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The Year in Golf

Swede Roll

Sorenstam's crossover appeal was story of year

November 20, 2003|Thomas Bonk | Times Staff Writer

The bright green "Go Annika" buttons sold out in less than a day. That's when we should have known. The date was May 22, the place was Colonial Country Club in a leafy section of Fort Worth and the moment was one for the history books.

On both sides of the fairway, the crowd of spectators was 10 deep and they strained against the gallery ropes to try to catch a glimpse of Annika Sorenstam as she hit her tee shot, becoming the first female in 58 years to play in a tournament on the PGA Tour.

Sorenstam wedged her way into the tee area, where there was loud applause as the announcer introduced her. The fans grew quiet. She touched her cap, set up over the ball and slammed it, high and straight, down the middle of the fairway.

As the gallery cheered again when she started walking after the ball, Sorenstam pretended to swoon and patted her heart.

The record will show that Sorenstam wound up missing the cut by four shots, but that falls far short of revealing the actual impact of her accomplishment, which was both gender bending and mind-blowing.

A woman competing against the men?

Go figure.

"The most important thing of the whole Colonial [experience] is that I was being myself," Sorenstam said. "I was playing a tournament that I wanted to play. I was challenging myself. And I think in the end people realized that. That I was challenging myself. That it was not a publicity stunt. It was for me.

"And when I can be myself and follow my dreams and set my goals, I feel very comfortable.

"In the past, I have always felt the pressure from maybe the LPGA, from people around, that I had to be somebody that I wasn't. People compared me to Nancy Lopez and I'm the next generation and I'm going to carry the flag forward. I always felt a lot of pressure.

"So when I played at Colonial, it was a lot of pressure, but I was doing it because I wanted to do it. I think the reaction [from] the fans, the people in general, [was] that they understood what I was doing it for.

"People accepted me for the way I am and things I do. And that's easier for me than trying to pretend to be somebody who I am not."

What Sorenstam became during those days at Colonial was the player who produced the year's most memorable moment in professional golf.

If Sorenstam's goal at Colonial was to make her a better player on the LPGA Tour, she certainly accomplished that by winning two majors, the LPGA Championship and then the Women's British Open, where she completed a career grand slam.

"Annika made it a remarkable year," LPGA Commissioner Ty Votaw said. "For herself, for the LPGA, for all of golf."

And as we allow ourselves time to look back, it's not as if there wasn't any competition.

Sorenstam dominated, but there was no lack of either golf news or the number of people making it in 2003, when the only real common thread through it all was a certain shock value bundled up and presented to the golf fan on a numbingly regular basis.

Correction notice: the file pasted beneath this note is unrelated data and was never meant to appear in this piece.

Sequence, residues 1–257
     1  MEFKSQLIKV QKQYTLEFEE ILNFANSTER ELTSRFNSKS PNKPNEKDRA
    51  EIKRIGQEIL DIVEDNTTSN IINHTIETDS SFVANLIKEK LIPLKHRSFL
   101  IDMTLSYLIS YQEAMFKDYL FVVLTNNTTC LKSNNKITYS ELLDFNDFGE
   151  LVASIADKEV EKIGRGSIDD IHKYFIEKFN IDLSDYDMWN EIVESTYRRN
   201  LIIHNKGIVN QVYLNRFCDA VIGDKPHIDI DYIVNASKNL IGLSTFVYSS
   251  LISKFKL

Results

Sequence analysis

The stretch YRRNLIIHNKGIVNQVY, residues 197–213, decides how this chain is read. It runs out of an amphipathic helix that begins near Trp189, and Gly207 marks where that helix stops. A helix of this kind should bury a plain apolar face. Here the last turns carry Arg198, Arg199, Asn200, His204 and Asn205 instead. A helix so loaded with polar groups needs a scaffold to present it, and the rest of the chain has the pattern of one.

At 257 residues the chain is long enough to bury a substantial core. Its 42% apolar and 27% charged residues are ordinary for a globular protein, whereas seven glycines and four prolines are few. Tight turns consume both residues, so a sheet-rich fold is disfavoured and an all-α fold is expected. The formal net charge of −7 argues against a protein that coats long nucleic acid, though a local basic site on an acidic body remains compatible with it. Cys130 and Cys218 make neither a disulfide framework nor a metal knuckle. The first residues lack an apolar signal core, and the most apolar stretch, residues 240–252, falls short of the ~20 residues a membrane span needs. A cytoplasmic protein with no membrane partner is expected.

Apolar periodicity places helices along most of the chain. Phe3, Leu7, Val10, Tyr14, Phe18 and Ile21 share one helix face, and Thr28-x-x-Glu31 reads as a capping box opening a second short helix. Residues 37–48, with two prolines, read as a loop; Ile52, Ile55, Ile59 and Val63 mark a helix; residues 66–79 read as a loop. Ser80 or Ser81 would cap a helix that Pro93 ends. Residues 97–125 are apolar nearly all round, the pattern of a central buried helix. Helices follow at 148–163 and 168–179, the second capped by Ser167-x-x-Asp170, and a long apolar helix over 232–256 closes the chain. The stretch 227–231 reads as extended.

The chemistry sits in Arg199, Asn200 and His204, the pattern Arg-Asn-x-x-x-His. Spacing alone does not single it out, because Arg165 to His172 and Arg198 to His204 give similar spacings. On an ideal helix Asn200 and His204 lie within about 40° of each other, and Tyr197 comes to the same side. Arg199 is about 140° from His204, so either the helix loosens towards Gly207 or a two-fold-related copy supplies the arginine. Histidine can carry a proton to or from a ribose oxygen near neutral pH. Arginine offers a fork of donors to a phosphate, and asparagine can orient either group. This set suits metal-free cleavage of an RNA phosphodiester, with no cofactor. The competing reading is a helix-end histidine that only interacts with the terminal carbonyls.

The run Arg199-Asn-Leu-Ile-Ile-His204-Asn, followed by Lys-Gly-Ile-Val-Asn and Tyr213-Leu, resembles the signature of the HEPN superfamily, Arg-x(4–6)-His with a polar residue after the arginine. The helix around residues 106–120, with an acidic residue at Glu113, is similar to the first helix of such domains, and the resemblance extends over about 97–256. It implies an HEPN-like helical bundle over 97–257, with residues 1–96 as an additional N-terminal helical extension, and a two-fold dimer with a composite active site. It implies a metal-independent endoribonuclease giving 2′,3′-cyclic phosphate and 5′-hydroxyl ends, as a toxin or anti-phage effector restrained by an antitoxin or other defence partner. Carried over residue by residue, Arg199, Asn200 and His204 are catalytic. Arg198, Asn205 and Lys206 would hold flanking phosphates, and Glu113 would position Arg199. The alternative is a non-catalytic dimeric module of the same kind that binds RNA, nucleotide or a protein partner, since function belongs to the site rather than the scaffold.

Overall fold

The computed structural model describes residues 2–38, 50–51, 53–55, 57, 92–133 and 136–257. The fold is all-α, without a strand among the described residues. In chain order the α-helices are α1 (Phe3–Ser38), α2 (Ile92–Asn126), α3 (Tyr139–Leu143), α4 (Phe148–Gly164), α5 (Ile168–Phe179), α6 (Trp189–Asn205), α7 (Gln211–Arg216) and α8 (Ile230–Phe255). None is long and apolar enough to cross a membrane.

Who would have thought that any other story would edge out what shaped up as the year's heaviest hitter, the extended flap over Augusta National's membership and its lack of females? The Hootie Johnson-Martha Burk melodrama led to Johnson's decision as chairman of the all-male club to foot the bill for television costs by putting its major TV sponsors on the sideline and out of the fracas.

Burk, the leader of the National Council of Women's Organizations, vowed a protest during the Masters, but it mostly fizzled, at least partially because the protest venue was almost out of sight of the club.

Women's issues were to be big in golf in 2003, as Sorenstam became the vanguard. Michelle Wie, only 13, played in seven LPGA Tour events and missed only one cut, and tied for ninth at the first major of the year, the Nabisco Championship. She also played a men's Nationwide Tour event, missing the cut, and will play in the PGA Tour's Sony Open in January.

Other female golfers who crossed the line and played in men's professional events were Suzy Whaley, Laura Davies, Jan Stephenson and Se Ri Pak, who was 10th at an Asian Tour event in South Korea.

Against such stiff competition, the men made more than their share of headlines. Ernie Els won the first two PGA Tour events of the year, setting a tour scoring record of 31 under par in the first, won five more times worldwide, faded in his showdown with Tiger Woods at Bay Hill, but still enjoyed his best year and was rewarded by receiving absolutely zero recognition as anybody's player of the year.

If it weren't for Vijay Singh, Phil Mickelson would have reigned as punching bag of the year. Mickelson, who has long nurtured an inclination not to like the media much, seems to have perfected it. The spiral began in earnest when he said Woods was using "inferior equipment" and got skewered for it, even though Woods seemed to agree when he ditched his prototype Nike driver later in the year.

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